Piazza: A Place Where Street Inequality Thumps

Roads are meant to serve everyone. But that depends on the way they are designed and constructed. Major roads of the city of Addis Abeba are far from this ideal. They seem to serve some more than others. It is on top of this that the city is witnessing the construction of new modalities of transport that might widen the inequality.

Last Friday morning, I had to step down from a cabbie before I reached at my destination. The traffic jam compelled me to walk half of the way to Piazza, earlier in the day.

The sky was almost invisible because of the unusual fog and mist that screened it. Even the statue of Emperor Menelik mounted on a horse, the mast sign of this page, had lost it commanding sight from a distance. Motorists had to use their headlights as indicators.

As I walked down the Aden Street, it occurred to me that I had been unfair blaming City Hall officials for not naming the roads and streets of the city. Alas, here are Aden Street, De Gaulle Square, Churchill Road, King George Street, and etc. I could go on like that if I had to.

Of course, lately, some roads have also been christened after African nations. As I was contemplating why the capital has dedicated so many roads a flash back of old memories took me back decades during the fascist invasion.

Who was genuinely backing Emperor Haileselessie at the League of Nations in Geneva? Who was behind the 1929 and 1959 Nile water sharing agreement concluded between the Sudan and Egypt?

Of course there is no denying the fact that the allied forces, the British in particular, have given a helping hand to Ethiopia’s leader during his return to Ethiopia triumphing and hence the naming of the roads. Yet, next to nothing has been written about roads.

Roads are but forums of democratic expressions. All urbanites have the right of sharing roads equally. But there are many people who argue otherwise.

They say that even if these roads are funded from the coffers of the national treasury, by default from taxpayer, dwellers of the less fortunate kebeles who are pedestrians, are not given equal share. This is an unfortunate moment to quote George Orwell’s famous satire that says “all animals are equal but some are more equal than others”

Think of the 4.3km Meskel Square to Bole Road (officially named African Avenue) renovation project that coasted over 60 million dollars. The project was completed in 18 months time and meant to be of the first class any motorist can drive almost non-stop. It is everything but short of serving its end.

Its very design does not allow drivers to pull over and park for a while for business or sipping coffee. This problem of the need to park is yet on the agenda of designers to be reconsidered. Who knows the next complaint could come from the railway transport agency.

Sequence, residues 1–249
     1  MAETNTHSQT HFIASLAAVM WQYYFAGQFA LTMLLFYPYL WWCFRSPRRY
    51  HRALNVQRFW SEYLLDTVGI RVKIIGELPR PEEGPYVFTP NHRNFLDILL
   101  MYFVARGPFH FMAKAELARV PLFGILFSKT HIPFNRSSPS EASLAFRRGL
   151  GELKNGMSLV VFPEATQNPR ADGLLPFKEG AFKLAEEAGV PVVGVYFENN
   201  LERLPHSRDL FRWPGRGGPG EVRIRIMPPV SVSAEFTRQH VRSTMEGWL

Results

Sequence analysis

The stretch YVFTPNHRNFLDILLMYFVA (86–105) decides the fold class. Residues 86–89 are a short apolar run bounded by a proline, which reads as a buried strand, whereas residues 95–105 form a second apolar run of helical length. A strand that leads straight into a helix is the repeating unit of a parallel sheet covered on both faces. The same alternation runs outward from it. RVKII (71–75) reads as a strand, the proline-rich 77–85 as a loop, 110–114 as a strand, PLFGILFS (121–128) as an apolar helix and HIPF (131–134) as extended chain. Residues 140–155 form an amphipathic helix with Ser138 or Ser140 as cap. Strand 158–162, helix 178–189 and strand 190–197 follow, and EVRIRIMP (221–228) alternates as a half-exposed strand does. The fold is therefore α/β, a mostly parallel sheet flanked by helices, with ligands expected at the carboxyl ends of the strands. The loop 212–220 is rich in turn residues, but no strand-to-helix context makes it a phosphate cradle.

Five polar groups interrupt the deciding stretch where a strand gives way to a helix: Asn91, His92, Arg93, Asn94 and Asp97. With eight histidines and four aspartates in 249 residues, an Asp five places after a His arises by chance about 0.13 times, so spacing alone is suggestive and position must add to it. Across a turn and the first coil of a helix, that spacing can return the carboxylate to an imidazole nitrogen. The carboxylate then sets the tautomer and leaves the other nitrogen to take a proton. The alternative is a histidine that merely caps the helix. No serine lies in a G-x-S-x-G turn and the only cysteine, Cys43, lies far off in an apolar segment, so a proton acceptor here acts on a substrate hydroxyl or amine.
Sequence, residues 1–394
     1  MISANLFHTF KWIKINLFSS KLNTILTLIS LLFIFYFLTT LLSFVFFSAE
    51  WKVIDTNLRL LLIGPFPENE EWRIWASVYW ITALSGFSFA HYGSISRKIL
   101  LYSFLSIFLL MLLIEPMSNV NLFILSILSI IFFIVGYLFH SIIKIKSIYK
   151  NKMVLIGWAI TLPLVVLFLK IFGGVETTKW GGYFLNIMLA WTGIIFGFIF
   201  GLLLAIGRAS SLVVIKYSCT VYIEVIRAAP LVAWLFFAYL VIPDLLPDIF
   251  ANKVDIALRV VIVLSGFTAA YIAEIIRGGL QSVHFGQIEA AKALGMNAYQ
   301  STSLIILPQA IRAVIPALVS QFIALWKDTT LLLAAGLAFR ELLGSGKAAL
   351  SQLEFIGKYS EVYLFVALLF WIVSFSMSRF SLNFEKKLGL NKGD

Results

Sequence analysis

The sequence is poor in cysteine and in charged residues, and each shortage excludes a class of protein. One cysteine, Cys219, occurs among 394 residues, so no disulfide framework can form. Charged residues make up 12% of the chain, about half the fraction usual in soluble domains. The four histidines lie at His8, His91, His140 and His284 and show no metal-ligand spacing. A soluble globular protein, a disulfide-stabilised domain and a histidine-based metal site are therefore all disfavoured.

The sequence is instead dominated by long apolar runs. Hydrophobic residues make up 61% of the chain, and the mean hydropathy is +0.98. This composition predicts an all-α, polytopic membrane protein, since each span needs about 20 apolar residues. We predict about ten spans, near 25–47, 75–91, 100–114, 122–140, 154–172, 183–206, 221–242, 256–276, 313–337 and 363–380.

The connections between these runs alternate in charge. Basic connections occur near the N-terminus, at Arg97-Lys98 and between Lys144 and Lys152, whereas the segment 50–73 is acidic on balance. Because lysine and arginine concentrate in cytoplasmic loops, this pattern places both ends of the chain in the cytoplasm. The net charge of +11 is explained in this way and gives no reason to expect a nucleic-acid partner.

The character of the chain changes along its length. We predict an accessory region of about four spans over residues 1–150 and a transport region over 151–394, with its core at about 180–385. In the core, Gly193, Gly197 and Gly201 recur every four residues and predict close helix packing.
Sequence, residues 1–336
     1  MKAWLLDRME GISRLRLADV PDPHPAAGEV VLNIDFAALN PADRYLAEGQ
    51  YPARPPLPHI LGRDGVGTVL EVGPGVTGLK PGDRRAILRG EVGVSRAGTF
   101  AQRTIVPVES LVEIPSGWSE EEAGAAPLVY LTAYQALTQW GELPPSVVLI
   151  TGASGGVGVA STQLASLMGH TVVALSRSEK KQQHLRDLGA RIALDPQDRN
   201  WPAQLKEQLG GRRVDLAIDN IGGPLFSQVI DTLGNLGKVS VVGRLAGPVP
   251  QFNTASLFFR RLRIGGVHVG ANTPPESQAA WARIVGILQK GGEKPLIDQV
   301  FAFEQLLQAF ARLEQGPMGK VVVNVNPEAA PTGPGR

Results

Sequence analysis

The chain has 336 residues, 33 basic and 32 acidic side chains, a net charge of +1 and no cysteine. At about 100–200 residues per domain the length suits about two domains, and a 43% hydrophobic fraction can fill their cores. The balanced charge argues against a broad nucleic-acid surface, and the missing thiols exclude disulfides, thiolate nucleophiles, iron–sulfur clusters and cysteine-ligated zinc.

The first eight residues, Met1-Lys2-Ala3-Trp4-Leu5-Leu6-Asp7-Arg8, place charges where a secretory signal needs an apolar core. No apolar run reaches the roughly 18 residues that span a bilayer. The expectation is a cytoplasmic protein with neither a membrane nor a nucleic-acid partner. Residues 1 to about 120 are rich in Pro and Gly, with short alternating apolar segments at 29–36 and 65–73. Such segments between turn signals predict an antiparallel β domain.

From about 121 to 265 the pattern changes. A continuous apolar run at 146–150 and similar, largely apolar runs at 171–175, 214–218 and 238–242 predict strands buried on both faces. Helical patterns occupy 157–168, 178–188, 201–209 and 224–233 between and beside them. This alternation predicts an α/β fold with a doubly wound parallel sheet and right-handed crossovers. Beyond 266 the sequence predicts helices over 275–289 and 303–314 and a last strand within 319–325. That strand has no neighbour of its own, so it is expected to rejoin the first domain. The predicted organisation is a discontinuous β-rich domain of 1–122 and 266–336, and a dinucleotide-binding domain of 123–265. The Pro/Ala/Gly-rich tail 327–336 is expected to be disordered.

Ethiopia has committed herself to develop a green economy that entails cutting on the consumption of fossil oil and use electricity instead. This calls for creating conducive situation of deploying modalities of mass transport like the tram or light train tracks. Sooner or later, the 60 million road might have to be dug and scrapped for an electrically-powered modality.

Incidentally, the new cross-country train track terminal is reported to terminate at Holleta. I would have thought the horticulture and flower export freight could have been urgently shipped to the airport directly by train to be unloaded at the freezing house, instead of spending money and time on double transport or constructing new airstrips. This is just my food for thought.

The pedestrians of Addis are truly enduring folks. They continue to suffer despite the expansion of roads in the city. It all goes as if the essence of constructing roads is not to optimise the use of time, which can be expressed in money terms.

Mass transport systems could be of great help as a means to realize that objective and serve people. But the means seems to counterfeit the end. Look at the number of taxpaying businesspeople whose shops have been demolished down to ruins having nowhere to go and earn their living.

The scapegoat this time is the construction of the tramway track. The water lines and sewerage pipes have to be moved. A lot of cost is involved here. However, the costs of the projects are normally considered in terms of capital costs required for the project.

Opportunity costs involved in the process and the inconveniences caused during the traffic jams is not appreciated. People ask the weight given to the benefits expected from the train transport and the social and economical costs that the project entails.

Incidentally, the perennial action to plant tree seedlings along the pavements and left to fate are also costs unless planting them is taken as a bread earning activity for some unemployed youngsters.

By Girma Feyissa

Published on July 14, 2013 [ Vol 14 ,No 690]



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